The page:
you cannot see your nursing instructor as your enemy. there is absolutely nothing wrong with having a friendly and pleasant, cordial relationship with an instructor. many universities encourage this kind of relationship between students and professors because we are all seekers of knowledge
. although they are supervising you, your instructors are still colleagues and deserve respect. you cannot show fear of him/her. if it turns out that he/she is not a nice, ethical person, they just might pick up on that flaw in your self-esteem and pounce on you for it. nurses have to be strong leaders. if an instructor doesn't get the sense that you have that strong leadership quality within you, then, yes, you may be doomed if your instructor is not a nice person. here's the list of qualities that employers look for in professional workers (that includes nurses and nursing students). i post it all the time for new grads. i also advise nursing students that your nursing instructors are evaluating you all the time for some of these qualities. your first employer will go to your nursing instructors for a recommendation of your ability as a potential nurse. so, it is to your benefit to put your best foot forward at all times in the presence of your instructors, especially in the clinical area.
- positive attitude
- dynamic energy
- ability to give good customer service
- capacity to learn
- team work
- ability to tolerate pressure
- analytical ability
- desire to develop professionally
no one is going to take you by the hand and say, "oh, ens1987, you missed the orientation to the unit the other day. let me show you where everything is." instead, you have to step forward and ask, "would you please show me where this, this, and this is? thank you." and, it doesn't matter if your instructor or your boss hates you. you only have to get along with them and each do your job. being a nursing student is an interactive process. you can't just sit back and let the education come to you. you have to often seek out opportunities of learning and ask for feedback and criticism of your performance--no matter how painful it may be to hear it. that is a indication of responsibility, a desire to develop professionally, the ability to tolerate pressure, the capacity to learn, and flexibility--all things on that list i posted above. you have to have those qualities within you and use them to your advantage. nursing is change and flexibility personified. there are very few nursing jobs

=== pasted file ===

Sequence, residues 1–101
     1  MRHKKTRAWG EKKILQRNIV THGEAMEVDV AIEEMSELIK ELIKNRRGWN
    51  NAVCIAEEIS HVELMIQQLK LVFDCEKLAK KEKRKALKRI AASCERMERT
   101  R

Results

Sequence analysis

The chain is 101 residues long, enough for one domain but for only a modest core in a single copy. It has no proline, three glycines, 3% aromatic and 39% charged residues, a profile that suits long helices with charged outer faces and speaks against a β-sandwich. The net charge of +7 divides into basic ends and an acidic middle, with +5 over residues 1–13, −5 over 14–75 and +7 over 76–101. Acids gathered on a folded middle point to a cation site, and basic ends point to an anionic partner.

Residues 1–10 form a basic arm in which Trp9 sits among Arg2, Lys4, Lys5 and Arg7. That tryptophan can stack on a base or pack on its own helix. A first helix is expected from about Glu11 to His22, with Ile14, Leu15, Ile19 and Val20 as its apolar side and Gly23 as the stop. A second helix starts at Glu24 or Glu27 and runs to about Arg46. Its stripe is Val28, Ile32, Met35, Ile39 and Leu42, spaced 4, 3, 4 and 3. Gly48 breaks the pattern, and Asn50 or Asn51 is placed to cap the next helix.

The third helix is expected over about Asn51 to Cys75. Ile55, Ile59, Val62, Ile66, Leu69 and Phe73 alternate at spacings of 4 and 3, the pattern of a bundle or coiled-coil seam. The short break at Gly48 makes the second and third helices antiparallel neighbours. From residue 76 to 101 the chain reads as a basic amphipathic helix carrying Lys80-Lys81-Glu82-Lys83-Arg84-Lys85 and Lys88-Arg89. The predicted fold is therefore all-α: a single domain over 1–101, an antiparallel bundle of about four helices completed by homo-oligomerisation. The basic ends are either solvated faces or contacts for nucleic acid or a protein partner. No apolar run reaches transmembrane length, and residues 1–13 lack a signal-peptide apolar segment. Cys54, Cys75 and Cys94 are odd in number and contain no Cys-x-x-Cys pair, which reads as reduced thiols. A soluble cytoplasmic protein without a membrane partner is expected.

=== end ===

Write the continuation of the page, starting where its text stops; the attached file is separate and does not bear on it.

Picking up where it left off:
where things go routinely. that's why nurses have to be creative and flexible about getting the needs of their patients and themselves met.
i've been in the world a long time. if there's anything i have learned, it's that nothing defeats a person faster than a negative attitude. it holds people back and prohibits them from making any kind of progress. and, learning is a process of change and progress. if you can't, or won't, change your thinking and the ways you are approaching your nursing education, then your worst fears will come true. you will unconsciously draw them to you like a magnet.